Continuous Daybreak

Working with self-correcting atomic clocks, having sunrise being recalibrated on a daily basis, how would society change if we reoriented life around daybreak, with the end of day doing all the fluctuating?

In Colorado, where I live, sunrise fluctuates by nearly 3 hours between the longest days of summer and the shortest days of winter. If we were to reorient our days so sunrise would happened consistently at 6:00 am every day, then sunset would fluctuate twice as much as normal, close to 6 hours between seasons.

Admittedly, it would also be possible to orient all of our days around a 9:00 pm sunset, and push all of the daylight variations onto the beginning of each day, and I’m sure some people would prefer that option. However, there is something critically important about beginning each day with the rising sun.

Perhaps a better way to orient our time structure would be to make the moment of sunrise “zero time” with our days building through a natural progression of our current 24-hour day. As an example, since people wake most naturally when the sun rises, work would start 1-hour later at 1:00, ending at 9:00 or 10:00.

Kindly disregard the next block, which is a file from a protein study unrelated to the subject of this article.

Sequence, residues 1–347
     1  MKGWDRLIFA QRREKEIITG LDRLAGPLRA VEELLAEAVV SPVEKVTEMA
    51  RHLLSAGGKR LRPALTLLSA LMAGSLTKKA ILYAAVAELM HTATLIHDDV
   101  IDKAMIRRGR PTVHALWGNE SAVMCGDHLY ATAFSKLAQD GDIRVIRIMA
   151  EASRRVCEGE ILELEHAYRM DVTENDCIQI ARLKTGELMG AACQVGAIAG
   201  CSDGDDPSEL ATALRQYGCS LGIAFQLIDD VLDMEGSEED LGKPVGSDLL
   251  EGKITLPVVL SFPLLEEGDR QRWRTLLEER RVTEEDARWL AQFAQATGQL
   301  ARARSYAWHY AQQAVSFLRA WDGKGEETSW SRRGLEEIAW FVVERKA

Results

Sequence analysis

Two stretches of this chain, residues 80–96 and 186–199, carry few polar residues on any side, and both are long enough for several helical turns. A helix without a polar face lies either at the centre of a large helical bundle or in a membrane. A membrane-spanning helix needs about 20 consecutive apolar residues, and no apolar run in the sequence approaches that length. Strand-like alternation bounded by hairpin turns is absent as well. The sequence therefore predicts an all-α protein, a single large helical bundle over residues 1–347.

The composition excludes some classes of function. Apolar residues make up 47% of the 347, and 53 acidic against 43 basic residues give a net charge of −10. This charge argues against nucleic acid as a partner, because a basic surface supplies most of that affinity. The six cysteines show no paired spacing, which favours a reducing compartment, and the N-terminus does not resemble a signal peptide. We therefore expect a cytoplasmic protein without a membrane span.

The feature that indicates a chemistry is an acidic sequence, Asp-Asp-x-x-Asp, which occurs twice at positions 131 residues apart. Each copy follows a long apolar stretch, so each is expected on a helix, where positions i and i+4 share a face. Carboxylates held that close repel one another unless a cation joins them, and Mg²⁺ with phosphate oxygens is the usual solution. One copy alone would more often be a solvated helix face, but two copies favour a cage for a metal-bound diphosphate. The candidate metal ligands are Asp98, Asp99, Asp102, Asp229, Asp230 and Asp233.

Since I’m already introducing several new concepts, I won’t get into the lunacy of using 12-hour clocks to manage our 24-hour days. Nor will I attempt to think through the merits of metric time where we convert to 10-hour days.

Instead, my goal is to focus on using sunrise as the starting point for every day, and this concept is strengthened when we consider moving towards Micro-Banding Time Zones.

Micro-Banding Time Zones

Currently our time zones are structured around a 1-hour wide geographical bands that runs from the North to the South Pole.

So what if our current 1-hour time zones were reduced from broad well-defined pieces of geography with exacting borders, to 1-second time zones based on virtual longitudinal lines.

If we add GPS technology to our existing atomic clocks, then wherever we travel, our clocks will automatically adjust to the local time.

At first blush, this sounds very confusing. With 60 seconds in a minute, and 60 minutes in an hour, and 24 hours in a day, that would mean we would have a total of 86,400 time zones. Yes, a crazy big number to work with.

But keep in mind that this is a system oriented around humans, not clocks and time zones.

Today if we schedule a call between someone in New York and San Francisco, we have to work through the mental calculation of compensating for the time zone differential between these two cities. When talking to people on the other side of the earth it becomes even more problematic with some time zones being 30 minutes of even 15 minutes out of sync with the rest of the world.